Central Oregon Interagency Dispatch Update, August 18, 9:00 a.m.
Central Oregon – Fire behavior was active through the evening hours and all fires grew overnight.
Firefighters on the Green Ridge Fire, two miles northeast of Camp Sherman on the Deschutes National Forest remained busy overnight catching spot fires from material rolling on steep slopes from the fire area into the unburned area below. Crews will continue constructing hand line on the flanks of the fire in heavy timber. Aerial resources will be available again today to assist firefighters in cooling hot spots. The Green Ridge Fire is now estimated to be 30 acres with no containment.
The Lily Fire northeast of Lily Lake in the Charlton Roadless Area on the Deschutes National Forest (DNF) is estimated to be 19 acres with no containment. Smokejumpers and a hand crew from the Willamette National Forest are working the blaze were able to establish an anchor point to begin constructing containment line, but the fire continues to actively burn in the 1996 Charlton Fire scar, and into nearby heavy timber to the east. The heel of the fire is within 100 feet of the Pacific Crest Trail (PCT) on the DNF, and although there are no trail closures at this time, PCT hikers are encouraged to be aware of this fire and avoid the area if possible. Additionally, firefighters are using the Charlton Trailhead area as a staging area for equipment so the public is asked to please avoid the area for their safety and the safety of the firefighters working the area.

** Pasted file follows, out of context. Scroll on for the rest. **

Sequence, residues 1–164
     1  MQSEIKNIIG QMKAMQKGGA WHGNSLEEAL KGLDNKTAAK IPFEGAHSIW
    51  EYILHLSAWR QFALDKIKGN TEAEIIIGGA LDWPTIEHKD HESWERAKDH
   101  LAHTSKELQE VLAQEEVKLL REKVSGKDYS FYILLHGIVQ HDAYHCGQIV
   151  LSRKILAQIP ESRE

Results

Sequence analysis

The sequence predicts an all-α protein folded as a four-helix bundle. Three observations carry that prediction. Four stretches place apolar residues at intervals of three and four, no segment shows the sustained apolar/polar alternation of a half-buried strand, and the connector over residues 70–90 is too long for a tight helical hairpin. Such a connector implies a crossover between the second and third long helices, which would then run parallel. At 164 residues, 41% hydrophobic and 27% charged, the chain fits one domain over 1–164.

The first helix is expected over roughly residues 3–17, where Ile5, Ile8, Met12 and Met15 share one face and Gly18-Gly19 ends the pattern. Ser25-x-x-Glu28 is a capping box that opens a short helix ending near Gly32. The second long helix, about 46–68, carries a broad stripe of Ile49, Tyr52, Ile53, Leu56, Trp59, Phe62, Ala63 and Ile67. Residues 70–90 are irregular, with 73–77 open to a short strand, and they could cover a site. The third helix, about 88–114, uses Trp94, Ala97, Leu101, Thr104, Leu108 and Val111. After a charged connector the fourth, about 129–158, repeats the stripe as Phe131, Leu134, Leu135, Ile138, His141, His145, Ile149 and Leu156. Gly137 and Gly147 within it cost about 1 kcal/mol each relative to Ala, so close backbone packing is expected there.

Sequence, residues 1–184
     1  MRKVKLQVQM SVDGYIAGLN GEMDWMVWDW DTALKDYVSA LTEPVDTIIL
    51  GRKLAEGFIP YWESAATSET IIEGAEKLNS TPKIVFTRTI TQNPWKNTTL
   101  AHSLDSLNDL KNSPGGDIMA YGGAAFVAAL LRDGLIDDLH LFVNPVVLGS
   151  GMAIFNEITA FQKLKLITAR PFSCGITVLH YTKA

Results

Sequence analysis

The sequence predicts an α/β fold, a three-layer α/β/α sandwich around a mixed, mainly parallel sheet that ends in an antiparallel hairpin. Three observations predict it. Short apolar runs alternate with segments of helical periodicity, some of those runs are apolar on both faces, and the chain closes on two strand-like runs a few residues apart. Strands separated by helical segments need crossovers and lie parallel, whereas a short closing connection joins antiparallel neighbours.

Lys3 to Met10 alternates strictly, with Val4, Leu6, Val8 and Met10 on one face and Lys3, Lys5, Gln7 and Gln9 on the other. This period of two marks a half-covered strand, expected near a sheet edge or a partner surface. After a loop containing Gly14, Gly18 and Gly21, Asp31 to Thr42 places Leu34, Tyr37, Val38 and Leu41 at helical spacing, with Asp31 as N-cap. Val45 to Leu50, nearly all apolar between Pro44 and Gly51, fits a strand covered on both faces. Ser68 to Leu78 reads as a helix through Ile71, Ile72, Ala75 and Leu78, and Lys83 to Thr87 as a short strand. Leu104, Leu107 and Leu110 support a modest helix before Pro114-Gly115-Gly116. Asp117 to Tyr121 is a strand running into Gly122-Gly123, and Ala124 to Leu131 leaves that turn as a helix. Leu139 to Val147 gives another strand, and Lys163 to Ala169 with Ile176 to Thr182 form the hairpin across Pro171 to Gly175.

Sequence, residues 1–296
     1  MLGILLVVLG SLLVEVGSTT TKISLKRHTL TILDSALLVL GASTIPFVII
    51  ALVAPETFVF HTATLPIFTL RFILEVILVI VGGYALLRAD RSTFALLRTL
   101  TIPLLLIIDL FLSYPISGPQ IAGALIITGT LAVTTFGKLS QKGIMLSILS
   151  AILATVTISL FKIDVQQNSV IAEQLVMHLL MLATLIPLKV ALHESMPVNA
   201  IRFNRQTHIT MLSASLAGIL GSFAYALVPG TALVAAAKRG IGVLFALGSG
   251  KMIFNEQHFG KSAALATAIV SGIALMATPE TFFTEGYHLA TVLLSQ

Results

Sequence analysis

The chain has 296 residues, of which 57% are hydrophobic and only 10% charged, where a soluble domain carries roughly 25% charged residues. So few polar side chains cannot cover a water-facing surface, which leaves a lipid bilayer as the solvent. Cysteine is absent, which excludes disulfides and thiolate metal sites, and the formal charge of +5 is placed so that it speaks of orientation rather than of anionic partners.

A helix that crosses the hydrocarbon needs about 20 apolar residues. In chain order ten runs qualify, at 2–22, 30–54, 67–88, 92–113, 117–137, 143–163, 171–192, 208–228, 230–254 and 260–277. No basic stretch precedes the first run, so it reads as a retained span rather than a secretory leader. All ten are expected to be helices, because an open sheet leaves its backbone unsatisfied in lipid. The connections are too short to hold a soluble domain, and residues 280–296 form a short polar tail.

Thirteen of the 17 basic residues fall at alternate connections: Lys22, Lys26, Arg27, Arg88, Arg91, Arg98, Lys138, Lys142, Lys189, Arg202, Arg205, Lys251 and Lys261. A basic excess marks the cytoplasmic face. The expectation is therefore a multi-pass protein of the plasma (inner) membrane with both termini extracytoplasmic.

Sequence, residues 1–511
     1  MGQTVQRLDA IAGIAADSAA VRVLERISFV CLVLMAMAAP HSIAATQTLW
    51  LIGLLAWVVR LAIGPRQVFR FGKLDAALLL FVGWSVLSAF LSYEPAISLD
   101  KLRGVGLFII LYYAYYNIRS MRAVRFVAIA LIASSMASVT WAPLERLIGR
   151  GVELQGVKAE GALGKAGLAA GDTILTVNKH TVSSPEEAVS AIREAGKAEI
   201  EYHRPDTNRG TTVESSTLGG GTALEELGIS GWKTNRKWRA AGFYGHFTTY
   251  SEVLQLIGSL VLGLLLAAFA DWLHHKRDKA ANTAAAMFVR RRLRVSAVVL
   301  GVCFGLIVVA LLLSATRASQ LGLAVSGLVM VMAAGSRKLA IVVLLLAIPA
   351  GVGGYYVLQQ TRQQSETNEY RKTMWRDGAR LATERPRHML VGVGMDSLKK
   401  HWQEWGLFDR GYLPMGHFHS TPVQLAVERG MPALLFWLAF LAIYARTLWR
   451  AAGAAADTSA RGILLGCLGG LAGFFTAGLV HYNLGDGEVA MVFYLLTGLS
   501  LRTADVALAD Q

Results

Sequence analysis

In the early morning hours, two standing dead trees (snags) rolled out into the unburned area of thicker timber and created a 2-3 acre spot fire on the Frog Fire in the Maury Mountains on the Ochoco National Forest east of Prineville. Crews are now working to extend hose lays in direction of the spot, but water access remains a challenge. Firefighters will also continue constructing containment lines where possible to minimize fire spread. A crew from the Medford Bureau of Land Management will be arriving on scene to assist in suppression efforts. Steep terrain remains a challenge on the north side of the fire burning in thick timber.
For up-to-date information on Central Oregon fires, visit www.centraloregonfire.org